Dear Brother Francis!
It is with deep concern that I turn to you, the supreme representative of the Catholic Church. I live in Graz, Austria. Since 8 years as of now, committed people have been fighting in order to prevent the destruction of the still freely flowing Mur by a water power station in the middle of the town.
The most important reasons are that Graz as a stronghold of particulates (fine dust) needs especially urgently the thousands of trees of the shoreland of the Mur for the city climate in order to reduce the heat and the dust putting a strain on the health of the people.
In the first light of dawn of 6th February 2017 the start of the construction of the power station has unexpectedly begun and trees, partly hundreds of years old, had been felled. According to a tree count about 16,500 trees will lose their lives until the completion of the construction including the central storage channel and will never again give oxygen, shade or coolness to the people.
In addition, thousands of birds have become homeless. Even animals like the dice snake and the Danube salmon (the biggest fish living in the Mur), both of which are on the red list of the protection of endangered species, lose their natural habitat. All that for a power station which is not energy-efficient and which bears no relation to the environmental destruction which is necessary for it.
People like us from the civilian population lose our recreational area which has been free up to now. Close-living neighbours lose their quality of life in the long term and get the highest strains and health hazard.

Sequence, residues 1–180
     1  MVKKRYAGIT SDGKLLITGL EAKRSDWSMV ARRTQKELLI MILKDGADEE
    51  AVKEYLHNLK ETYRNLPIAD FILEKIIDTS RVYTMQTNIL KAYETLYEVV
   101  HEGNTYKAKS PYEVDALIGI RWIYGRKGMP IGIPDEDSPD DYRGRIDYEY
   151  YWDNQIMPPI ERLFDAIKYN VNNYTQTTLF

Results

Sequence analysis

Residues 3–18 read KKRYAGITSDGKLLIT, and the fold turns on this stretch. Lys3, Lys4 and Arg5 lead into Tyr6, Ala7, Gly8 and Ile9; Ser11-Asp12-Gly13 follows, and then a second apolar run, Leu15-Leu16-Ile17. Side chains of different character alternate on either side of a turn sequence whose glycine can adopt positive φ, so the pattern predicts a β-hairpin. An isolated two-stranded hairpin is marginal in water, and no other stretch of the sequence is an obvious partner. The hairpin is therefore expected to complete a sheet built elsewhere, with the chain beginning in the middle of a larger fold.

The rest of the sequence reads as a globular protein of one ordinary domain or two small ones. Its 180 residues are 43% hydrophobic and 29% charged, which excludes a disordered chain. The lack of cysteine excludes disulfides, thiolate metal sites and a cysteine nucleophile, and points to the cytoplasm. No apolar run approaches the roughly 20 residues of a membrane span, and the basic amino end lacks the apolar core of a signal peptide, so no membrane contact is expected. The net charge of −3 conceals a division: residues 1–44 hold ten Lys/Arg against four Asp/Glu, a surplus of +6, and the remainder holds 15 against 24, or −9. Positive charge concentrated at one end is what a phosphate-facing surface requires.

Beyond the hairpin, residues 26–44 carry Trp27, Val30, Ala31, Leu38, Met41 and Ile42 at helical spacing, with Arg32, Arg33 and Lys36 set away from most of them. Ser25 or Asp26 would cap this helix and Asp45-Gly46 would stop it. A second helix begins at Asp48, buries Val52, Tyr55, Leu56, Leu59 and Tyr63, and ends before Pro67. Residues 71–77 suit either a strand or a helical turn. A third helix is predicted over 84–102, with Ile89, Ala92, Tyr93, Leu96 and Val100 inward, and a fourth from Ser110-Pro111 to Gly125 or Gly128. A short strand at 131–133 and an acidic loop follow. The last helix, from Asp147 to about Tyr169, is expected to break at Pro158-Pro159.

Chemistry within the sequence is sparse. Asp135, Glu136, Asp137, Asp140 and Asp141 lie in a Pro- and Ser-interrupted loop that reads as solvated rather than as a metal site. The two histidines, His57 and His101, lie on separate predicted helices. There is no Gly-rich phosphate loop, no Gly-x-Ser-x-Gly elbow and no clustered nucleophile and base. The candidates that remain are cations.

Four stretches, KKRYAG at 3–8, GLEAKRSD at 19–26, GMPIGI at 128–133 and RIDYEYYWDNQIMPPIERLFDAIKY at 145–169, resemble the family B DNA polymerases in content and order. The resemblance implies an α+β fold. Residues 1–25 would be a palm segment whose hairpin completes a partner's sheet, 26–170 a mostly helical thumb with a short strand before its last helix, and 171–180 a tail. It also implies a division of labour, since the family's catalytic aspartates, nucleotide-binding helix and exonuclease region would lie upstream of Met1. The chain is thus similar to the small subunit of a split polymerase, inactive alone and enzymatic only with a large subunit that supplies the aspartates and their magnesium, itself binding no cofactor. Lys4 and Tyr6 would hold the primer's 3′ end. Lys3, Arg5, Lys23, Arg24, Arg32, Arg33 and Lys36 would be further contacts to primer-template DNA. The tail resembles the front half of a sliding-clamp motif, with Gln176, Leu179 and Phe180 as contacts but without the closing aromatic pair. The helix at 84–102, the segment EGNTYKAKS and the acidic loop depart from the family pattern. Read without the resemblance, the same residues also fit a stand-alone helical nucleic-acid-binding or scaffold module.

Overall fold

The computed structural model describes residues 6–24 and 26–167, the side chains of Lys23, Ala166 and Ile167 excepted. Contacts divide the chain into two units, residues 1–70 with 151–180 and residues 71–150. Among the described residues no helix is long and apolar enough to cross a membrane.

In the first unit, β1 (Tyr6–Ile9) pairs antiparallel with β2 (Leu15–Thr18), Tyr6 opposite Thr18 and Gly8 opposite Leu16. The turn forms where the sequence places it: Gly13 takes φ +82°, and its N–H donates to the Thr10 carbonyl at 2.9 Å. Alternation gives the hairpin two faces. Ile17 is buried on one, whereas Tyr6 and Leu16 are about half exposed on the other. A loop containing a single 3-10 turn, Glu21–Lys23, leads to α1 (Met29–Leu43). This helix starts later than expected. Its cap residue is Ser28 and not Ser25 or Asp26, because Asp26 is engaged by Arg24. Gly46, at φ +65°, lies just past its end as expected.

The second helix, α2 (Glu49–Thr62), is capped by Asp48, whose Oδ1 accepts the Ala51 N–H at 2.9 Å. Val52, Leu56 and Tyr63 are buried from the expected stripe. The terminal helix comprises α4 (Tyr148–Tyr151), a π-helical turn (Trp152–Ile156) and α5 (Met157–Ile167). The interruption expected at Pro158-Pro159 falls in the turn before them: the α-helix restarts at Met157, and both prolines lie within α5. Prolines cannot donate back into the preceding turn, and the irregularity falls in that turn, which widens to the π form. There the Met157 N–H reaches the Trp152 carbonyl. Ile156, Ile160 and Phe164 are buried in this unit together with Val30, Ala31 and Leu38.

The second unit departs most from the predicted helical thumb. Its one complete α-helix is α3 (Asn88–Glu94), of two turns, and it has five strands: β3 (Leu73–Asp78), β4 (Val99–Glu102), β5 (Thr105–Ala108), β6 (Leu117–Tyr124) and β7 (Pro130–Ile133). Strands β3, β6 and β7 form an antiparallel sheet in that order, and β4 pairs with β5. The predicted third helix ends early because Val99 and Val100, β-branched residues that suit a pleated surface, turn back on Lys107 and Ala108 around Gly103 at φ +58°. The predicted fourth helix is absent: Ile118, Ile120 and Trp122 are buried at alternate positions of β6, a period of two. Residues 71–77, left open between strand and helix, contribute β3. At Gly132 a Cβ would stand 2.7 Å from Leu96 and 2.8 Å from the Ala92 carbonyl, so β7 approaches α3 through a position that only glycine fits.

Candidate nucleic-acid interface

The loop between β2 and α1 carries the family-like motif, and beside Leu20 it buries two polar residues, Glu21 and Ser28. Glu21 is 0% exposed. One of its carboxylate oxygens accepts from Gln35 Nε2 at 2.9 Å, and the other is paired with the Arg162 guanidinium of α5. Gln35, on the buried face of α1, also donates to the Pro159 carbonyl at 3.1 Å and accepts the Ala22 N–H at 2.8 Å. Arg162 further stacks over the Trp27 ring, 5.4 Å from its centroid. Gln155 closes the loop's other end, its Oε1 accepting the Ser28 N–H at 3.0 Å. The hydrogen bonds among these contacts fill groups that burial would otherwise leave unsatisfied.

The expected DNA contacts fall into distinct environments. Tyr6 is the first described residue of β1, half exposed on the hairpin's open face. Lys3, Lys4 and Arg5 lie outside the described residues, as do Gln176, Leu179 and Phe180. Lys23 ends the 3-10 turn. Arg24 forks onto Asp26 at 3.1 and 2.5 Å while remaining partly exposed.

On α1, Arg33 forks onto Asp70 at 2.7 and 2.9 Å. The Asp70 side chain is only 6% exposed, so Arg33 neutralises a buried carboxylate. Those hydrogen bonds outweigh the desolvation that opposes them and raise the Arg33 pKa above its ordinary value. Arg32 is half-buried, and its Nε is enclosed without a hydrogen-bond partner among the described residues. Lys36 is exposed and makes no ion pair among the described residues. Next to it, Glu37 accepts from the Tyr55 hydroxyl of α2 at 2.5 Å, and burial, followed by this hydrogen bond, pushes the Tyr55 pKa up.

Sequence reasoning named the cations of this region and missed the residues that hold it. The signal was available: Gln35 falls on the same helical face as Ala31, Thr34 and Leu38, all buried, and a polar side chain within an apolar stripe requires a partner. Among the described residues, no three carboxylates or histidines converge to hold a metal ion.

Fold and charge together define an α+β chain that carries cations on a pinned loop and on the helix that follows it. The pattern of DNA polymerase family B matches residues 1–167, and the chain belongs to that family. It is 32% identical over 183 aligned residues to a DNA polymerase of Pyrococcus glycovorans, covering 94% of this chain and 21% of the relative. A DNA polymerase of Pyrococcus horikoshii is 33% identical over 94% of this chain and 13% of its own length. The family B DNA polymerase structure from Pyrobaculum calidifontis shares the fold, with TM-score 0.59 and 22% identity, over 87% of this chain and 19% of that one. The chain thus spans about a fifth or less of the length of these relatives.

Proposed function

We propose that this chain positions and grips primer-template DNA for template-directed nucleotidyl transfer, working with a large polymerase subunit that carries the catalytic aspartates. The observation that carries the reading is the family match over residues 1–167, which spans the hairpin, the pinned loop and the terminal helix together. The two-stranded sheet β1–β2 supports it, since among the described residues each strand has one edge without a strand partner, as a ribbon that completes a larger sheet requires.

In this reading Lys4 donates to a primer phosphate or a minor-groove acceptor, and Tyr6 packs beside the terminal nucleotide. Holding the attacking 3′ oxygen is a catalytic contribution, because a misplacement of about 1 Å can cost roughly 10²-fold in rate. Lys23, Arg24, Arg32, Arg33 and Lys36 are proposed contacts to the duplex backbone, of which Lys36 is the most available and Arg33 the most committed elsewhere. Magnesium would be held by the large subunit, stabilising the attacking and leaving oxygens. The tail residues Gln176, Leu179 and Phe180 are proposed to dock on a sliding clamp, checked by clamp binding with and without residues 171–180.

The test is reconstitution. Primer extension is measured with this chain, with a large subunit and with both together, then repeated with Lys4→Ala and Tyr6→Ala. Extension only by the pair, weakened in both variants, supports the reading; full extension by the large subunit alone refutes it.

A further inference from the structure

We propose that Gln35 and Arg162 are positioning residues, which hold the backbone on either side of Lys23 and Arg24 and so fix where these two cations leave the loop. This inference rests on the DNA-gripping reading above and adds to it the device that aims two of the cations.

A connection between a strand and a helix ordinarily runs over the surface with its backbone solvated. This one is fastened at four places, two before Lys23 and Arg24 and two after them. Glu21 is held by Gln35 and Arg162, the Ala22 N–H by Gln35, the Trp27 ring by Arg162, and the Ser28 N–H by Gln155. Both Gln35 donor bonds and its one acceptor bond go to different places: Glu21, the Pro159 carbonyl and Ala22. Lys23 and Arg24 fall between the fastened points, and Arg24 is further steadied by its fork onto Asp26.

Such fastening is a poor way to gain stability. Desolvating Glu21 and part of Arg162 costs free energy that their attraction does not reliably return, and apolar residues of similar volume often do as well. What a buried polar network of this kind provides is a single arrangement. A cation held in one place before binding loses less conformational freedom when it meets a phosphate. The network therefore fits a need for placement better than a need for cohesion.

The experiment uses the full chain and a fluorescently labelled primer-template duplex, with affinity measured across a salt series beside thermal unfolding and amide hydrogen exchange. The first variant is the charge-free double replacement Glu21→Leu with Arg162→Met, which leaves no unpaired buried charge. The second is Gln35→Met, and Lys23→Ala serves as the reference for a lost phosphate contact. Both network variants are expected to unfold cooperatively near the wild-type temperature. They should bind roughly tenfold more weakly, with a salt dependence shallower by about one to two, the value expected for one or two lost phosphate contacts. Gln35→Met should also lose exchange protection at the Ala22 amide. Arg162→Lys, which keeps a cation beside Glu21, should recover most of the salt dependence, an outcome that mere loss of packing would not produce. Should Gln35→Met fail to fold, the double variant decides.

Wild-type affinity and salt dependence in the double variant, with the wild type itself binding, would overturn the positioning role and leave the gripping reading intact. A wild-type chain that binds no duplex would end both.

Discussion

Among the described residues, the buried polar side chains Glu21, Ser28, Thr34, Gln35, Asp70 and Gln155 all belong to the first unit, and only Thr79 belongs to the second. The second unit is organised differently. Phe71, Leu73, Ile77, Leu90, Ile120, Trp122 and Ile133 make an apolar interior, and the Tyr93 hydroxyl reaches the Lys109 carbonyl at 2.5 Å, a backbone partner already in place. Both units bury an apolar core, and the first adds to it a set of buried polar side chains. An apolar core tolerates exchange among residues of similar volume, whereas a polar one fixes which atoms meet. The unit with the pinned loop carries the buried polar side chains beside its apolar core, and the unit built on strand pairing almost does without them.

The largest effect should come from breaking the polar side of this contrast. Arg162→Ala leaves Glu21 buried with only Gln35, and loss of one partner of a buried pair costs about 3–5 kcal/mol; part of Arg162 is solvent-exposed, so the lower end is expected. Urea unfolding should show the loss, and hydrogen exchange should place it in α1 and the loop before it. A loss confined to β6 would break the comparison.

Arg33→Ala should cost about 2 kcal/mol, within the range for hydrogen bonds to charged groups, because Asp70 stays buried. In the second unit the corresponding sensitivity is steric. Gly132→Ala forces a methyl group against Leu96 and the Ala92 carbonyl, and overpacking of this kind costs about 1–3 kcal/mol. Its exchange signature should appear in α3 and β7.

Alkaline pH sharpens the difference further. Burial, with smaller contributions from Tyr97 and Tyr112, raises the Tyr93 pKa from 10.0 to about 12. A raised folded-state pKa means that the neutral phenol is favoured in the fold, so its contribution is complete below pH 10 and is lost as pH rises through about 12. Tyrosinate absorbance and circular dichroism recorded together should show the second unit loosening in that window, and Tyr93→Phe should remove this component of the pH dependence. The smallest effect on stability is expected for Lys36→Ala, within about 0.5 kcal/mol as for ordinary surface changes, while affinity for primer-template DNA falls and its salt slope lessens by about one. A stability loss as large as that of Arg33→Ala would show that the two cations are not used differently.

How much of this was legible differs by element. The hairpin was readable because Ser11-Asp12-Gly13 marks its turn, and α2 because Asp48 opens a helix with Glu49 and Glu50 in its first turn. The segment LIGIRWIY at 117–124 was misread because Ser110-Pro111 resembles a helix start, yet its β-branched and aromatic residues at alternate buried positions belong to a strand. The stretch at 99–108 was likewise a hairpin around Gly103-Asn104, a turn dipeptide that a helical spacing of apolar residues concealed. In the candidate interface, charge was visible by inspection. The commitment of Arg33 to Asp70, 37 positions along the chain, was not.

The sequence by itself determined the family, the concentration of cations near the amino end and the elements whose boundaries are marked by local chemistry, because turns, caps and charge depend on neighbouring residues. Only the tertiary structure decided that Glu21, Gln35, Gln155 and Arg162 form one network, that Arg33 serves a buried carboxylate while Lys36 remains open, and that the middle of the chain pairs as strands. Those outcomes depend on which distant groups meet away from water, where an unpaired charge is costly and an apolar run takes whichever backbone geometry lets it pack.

Costs amounting approximately to 100 million euros for the power station and the central storage channel are imposed on the town and its citizens, which also lead to “savings” among the poorest of the town by denying the access to welfare benefits or by raising the prices for public services for the bulk of the population.
In our desperation we have written to our bishop Krautwaschl several times. Unfortunately, we haven’t received a reply to any of our inquiries to this day.
It is also painful that the regional newspaper (“Kleine Zeitung”), which belongs to the catholic press association, does not comply with its task to receive information and to promote Christian values, for there are no comprehensive reports on the things which are done to the Creation.
Dear Brother Francis, your expositions in “Laudatio si” on the creation impress me by the straightness and far-sightedness. I also ask the church here in Graz for the same, not only in words, but also in deeds, for: “If one does not see in the own reality the worth of a poor man, of a human embryo, of a handicapped person (…), only hardly will one hear the cries of nature itself!”
I do hope that my words reach you in that coherence and urgency with which I want them to express. Really much is to be lost for the people living here.
I entreat you, dear Brother Francis, for your support. Maybe an epistle to all parishes and to our bishop written by you can be effective, in order to stimulate talks at least between politicians and the catholic church with the calling-in of the population of Graz, so that even our children can find surroundings worth living and fit for human beings for shaping their life and casually learn to esteem and to care for the Creation.
I know that there is more worse distress, war and misfortune in this world which people have to cope with. Mind you, our living space and the preservation of the Creation are also essential to our future. The destruction of nature in our living space, provided that it is completely put into action, will put human beings in danger of getting psychically and physically ill. Moreover, about 80 percent of the animals in the river will become extinct or will be run over by excavators and building machinery.
With the greatest respect.
Karin Rausch and the undersigned